SW sound #1 / The Shuks


By Alexia Kirov, Music Editor

The first instalment of our SW Sound series features The Shuks, a four-piece DIY band hailing from Bath.

Who are they?

Jack Lawther (vocals / guitar)
Tom Hunt (guitar)
Ciara Bains (bass)
Katya Pishchick (drums)

Where can you see them next?

07/12/18 @ The Louisiana (Supporting Haze)

Epigram / Alexia Kirov

The Shuks are a four-piece, DIY band from Bath. Over the past year or so, they have played a number of gigs in both their hometown and Bristol, as well as in the capital.

Having already been tipped by the likes of BBC Introducing, their sound - grungy post-punk brightened by hints of dreamy indie rock - has been steadily spreading to more and more ears.

The band celebrated the release of their most recent single, ‘Running', with a launch at The Lanes, their first headline gig in Bristol. ‘Running’ is self-described by the band as their ‘oldest and most beloved tune’, and closes their 8 track set.

With Hunt's riffs reminiscent of Butler-era Suede, live, it feels even more vitalised than on record. But such a comparison is not to say that The Shuks music is derivative - there is plenty of scope in their sound for them to be band making their own mark.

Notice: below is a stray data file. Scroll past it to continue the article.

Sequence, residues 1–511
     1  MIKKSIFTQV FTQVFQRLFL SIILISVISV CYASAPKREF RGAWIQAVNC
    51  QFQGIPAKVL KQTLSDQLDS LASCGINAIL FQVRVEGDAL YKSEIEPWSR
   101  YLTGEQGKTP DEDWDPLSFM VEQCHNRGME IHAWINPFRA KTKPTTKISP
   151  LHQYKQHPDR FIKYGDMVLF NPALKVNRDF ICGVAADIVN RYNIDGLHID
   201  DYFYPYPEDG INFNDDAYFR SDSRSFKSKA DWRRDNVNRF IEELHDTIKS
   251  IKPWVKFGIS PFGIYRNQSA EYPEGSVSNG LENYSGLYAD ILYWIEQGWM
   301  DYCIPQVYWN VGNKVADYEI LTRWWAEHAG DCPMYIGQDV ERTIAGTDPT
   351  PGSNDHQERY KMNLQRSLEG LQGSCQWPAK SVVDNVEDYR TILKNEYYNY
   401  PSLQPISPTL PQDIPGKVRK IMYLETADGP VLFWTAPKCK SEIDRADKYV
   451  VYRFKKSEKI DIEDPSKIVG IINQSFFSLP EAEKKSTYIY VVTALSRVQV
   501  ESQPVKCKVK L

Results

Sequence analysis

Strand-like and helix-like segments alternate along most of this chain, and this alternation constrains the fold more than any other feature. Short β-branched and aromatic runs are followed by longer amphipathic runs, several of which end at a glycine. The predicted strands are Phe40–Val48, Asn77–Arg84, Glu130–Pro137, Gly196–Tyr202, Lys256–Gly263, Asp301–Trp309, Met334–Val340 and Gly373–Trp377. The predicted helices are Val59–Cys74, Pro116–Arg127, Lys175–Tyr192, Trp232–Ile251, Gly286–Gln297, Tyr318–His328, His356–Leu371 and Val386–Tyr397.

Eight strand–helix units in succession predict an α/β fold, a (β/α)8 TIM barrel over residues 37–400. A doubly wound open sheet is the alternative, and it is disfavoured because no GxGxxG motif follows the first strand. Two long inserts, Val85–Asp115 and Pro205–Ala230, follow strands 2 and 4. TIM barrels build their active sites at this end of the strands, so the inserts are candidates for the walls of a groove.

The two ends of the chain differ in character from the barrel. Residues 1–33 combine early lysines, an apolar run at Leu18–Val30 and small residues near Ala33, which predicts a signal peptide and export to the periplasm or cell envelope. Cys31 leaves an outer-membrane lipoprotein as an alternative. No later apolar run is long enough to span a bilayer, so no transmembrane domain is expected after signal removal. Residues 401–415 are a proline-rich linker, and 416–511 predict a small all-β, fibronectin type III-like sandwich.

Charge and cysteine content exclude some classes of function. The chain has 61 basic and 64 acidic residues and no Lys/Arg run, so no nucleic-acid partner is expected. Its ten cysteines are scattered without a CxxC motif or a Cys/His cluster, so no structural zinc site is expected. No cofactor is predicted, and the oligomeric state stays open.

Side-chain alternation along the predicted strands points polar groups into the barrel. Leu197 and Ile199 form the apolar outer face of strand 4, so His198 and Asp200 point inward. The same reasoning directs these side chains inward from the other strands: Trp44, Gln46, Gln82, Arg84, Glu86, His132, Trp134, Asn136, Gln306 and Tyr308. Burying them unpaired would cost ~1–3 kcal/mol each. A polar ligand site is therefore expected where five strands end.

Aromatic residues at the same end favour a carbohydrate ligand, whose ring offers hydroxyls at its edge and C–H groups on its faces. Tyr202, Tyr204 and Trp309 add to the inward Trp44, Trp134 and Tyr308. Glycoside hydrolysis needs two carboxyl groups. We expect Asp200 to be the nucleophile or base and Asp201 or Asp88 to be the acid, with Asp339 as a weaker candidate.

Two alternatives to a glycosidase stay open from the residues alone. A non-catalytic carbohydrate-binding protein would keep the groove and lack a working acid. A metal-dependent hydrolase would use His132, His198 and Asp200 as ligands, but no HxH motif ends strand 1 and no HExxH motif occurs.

Despite playing without their usual drummer, Katya Pishchik, The Shuks’ first Bristol headline set was tight. From opening song, ‘Spent’, it was clear that this band have an indefatigable energy about them live. Most of their tracks are as yet unreleased - so, unfortunately, for now, you can’t go and re-listen to all of them when you get home - but if you see The Shuks live, you will find yourself with an enduring wish that they were.

Though The Lanes' stage is small, The Shuks’ presence and the atmosphere they create are much bigger - you will be hearing more from this band in the coming months.

Featured Image: Alexia Kirov

Have you heard The Shuks yet? Listen to 'Running' here.

Facebook // Epigram Music // Twitter


Alexia Kirov

Music Editor @ Epigram 2017-19 / Photo credit: Catarina Rodrigues, Barbican 2018